Mark Sears 11-11-15 C Block Odd Current Event http://www.sciencedaily.com/releases/2015/05/150521144028.htm
Intuitive control of robotic arm using thoughts alone
By University of Southern California - Health Sciences
A paralyzed man with the help of Caltech and Keck Medicine of USC and Rancho Los Amigos National Rehabilitation Center got a robotic arm. The man has a neural prosthetic implant in a section in the brain that creates intentions. The robotic arm can perform basic motor skills like shaking a hand and drink a beverage.
The scientists implanted the device into Erik G. Sorto’s brain. Sorto is the first ever paralyzed patient to ever control a robotic arm with his mind. The device was not attached to his motor cortex but the his posterior parietal cortex (PPC) which is the part of the brain that creates intent to move, this lead to a faster and more fluent reaction time between his thoughts and the arm.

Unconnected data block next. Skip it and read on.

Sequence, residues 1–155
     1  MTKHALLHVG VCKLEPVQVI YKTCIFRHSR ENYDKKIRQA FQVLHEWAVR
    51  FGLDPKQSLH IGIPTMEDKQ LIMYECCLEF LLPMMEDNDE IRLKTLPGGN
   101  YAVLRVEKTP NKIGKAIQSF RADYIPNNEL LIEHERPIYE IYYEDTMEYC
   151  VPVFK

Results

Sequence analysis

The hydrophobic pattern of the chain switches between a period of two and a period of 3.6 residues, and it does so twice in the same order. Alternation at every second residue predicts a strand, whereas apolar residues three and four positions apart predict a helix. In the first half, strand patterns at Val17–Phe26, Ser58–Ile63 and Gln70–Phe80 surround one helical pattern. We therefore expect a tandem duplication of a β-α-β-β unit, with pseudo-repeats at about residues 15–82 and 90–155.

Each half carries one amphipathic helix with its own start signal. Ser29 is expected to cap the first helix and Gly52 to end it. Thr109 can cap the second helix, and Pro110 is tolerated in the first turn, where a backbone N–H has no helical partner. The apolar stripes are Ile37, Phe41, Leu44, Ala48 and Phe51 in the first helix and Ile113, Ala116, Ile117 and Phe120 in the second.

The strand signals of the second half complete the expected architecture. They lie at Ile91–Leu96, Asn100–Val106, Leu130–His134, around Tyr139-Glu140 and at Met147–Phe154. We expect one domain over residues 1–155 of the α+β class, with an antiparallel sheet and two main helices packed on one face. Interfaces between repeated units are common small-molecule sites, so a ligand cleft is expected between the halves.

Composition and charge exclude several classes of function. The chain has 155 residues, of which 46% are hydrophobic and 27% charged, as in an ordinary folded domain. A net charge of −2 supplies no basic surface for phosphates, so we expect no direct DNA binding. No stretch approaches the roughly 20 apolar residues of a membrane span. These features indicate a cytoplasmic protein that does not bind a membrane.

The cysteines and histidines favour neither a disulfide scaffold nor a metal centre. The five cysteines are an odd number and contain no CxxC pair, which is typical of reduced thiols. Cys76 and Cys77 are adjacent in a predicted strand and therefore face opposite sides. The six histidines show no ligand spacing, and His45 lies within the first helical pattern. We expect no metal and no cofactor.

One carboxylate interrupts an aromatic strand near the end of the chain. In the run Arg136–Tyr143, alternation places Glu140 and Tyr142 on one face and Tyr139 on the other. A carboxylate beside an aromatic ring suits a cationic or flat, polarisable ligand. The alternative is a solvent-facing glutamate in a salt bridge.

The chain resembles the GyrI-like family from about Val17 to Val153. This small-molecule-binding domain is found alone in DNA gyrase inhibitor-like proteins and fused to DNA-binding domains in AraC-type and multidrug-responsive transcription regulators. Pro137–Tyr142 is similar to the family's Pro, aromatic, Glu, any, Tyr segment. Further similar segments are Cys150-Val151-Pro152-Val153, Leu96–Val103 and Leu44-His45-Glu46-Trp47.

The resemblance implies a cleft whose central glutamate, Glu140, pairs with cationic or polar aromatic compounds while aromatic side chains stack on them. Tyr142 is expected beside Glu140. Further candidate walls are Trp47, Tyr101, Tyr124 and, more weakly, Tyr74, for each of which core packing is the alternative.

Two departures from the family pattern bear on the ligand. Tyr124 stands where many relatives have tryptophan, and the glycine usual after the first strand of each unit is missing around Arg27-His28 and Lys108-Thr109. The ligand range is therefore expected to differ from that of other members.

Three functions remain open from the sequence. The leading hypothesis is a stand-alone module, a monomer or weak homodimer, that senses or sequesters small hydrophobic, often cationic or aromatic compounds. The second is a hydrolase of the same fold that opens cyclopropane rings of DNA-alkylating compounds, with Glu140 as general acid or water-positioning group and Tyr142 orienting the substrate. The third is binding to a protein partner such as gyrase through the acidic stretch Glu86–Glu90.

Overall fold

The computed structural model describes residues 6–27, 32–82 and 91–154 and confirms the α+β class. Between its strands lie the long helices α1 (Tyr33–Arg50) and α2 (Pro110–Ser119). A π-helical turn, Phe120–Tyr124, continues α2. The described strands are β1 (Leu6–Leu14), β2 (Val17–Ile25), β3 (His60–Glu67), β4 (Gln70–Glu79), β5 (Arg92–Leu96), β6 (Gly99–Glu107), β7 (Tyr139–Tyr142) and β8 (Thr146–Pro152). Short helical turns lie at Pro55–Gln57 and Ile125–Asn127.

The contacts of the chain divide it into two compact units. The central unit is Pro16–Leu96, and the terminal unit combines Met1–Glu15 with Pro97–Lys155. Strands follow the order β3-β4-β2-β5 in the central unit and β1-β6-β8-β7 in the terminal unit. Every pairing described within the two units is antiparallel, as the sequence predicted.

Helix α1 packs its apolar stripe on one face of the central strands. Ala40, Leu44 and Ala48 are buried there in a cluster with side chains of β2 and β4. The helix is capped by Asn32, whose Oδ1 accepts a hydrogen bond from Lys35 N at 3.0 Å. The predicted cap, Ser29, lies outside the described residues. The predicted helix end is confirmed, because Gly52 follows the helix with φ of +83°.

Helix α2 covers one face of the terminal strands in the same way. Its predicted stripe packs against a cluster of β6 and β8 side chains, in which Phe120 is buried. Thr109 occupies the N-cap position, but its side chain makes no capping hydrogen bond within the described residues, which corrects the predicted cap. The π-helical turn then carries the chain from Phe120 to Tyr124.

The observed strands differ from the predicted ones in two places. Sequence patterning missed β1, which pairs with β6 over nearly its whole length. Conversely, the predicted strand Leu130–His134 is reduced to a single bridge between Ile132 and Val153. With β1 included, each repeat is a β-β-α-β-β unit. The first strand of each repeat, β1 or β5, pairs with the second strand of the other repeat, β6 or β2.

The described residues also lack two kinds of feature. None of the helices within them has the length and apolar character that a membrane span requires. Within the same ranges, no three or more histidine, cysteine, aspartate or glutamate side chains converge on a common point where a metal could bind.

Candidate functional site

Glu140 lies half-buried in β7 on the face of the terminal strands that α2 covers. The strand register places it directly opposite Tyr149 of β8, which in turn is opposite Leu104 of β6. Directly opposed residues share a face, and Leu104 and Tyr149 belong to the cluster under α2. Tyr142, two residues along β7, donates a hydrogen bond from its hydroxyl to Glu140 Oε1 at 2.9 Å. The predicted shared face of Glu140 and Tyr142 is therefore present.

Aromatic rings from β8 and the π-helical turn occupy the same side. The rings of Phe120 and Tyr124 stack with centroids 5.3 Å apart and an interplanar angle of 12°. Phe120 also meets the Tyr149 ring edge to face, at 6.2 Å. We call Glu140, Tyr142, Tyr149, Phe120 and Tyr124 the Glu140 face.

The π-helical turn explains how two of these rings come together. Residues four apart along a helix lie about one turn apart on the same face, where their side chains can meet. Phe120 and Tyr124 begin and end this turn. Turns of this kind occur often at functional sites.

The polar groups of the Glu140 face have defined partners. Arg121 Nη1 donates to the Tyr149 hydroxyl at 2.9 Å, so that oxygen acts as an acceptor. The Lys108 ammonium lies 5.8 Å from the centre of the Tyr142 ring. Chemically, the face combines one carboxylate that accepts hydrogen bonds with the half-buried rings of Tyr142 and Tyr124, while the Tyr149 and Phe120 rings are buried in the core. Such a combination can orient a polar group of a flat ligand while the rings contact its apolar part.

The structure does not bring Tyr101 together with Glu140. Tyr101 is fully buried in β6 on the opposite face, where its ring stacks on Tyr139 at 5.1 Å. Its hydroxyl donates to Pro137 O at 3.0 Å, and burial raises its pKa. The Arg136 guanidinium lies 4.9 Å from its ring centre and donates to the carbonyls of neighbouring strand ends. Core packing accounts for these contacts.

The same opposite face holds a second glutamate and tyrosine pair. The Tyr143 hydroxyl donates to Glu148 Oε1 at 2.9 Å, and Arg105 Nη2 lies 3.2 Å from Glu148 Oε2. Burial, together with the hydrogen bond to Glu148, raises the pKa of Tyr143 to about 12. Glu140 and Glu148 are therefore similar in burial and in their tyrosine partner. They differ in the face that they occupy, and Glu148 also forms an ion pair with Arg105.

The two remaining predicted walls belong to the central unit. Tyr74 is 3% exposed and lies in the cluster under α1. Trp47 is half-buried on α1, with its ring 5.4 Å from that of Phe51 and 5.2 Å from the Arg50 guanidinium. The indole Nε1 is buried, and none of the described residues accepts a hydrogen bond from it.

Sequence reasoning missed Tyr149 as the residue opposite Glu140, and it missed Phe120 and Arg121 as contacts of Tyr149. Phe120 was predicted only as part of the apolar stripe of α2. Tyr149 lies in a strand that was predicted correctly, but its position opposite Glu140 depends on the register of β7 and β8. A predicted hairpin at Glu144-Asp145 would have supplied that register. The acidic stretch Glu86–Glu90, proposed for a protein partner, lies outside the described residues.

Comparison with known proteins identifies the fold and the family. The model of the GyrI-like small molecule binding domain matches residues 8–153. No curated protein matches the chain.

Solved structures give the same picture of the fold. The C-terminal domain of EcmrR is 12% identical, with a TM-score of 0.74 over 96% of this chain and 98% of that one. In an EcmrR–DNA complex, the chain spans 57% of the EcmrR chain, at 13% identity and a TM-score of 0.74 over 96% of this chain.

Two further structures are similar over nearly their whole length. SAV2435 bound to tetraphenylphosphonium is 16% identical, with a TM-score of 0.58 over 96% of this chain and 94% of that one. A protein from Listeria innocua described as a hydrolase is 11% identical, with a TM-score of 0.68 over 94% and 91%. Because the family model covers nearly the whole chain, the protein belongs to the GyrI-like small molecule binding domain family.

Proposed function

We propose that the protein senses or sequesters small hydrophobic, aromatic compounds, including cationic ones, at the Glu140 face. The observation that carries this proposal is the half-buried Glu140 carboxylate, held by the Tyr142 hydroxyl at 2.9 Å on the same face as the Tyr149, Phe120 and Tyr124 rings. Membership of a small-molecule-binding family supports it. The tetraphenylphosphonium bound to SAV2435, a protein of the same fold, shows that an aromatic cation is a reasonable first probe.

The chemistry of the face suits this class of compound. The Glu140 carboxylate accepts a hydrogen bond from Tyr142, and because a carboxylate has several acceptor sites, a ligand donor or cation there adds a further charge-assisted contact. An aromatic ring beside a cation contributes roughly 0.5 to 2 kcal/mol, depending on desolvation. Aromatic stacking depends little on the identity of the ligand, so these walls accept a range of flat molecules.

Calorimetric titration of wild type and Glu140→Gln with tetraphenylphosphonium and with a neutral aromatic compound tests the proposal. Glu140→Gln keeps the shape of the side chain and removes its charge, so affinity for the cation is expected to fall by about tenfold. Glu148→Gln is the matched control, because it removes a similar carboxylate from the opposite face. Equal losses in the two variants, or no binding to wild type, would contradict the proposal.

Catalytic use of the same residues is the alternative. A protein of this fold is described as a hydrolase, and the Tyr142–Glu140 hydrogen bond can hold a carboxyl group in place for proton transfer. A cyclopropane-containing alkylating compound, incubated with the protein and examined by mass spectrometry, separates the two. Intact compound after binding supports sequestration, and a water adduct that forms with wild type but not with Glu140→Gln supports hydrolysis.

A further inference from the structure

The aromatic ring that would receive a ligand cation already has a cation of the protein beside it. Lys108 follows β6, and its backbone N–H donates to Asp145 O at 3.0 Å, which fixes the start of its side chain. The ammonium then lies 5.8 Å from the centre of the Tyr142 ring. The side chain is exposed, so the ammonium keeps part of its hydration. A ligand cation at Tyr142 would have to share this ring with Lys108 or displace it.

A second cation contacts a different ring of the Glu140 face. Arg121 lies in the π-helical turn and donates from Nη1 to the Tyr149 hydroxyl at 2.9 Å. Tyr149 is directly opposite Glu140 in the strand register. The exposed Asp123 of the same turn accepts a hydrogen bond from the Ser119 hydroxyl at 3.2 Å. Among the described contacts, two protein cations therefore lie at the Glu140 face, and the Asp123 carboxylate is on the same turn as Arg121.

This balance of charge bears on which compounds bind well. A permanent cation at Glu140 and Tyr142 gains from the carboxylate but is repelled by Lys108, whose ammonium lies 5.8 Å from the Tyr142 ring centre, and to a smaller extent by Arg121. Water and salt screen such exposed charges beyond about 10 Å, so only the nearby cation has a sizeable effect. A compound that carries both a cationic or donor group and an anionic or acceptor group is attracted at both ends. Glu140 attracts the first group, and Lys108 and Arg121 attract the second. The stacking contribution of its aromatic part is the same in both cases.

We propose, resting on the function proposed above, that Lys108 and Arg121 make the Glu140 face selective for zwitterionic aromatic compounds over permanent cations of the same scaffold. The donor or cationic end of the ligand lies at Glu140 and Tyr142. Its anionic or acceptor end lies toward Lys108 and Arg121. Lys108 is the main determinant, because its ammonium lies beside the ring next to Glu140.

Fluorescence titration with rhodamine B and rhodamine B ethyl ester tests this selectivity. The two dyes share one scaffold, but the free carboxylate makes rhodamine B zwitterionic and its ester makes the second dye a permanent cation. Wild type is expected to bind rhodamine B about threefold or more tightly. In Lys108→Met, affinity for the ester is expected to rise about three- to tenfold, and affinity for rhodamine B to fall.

In animal tests it was found that the PCC that creates the intent to move. The patient has to imagine the task or goal and the brain activity was decoded by the scientists and the information sent to the robotic arm to follow out. The first day Sorto tried to control the arm it worked, and after a few weeks he refined his skills and completed the task at hand. I think this is enough information and evidence to prove that this surgery will be successful again and advance the life of many people with paralysis.
The author did a very good job writing this article. The article is very well written and is very factual about the whole process of the surgery and the controlling of the arm. I think this is a very successful trial and process, but I still have more questions about making more parts of the body and if they could be connected. The author did an exquisite job getting research about how it was done, how it works, and how it was possible. The author is slanted towards the side of the scientist, but I do not think that deeply affected the article and it’s content.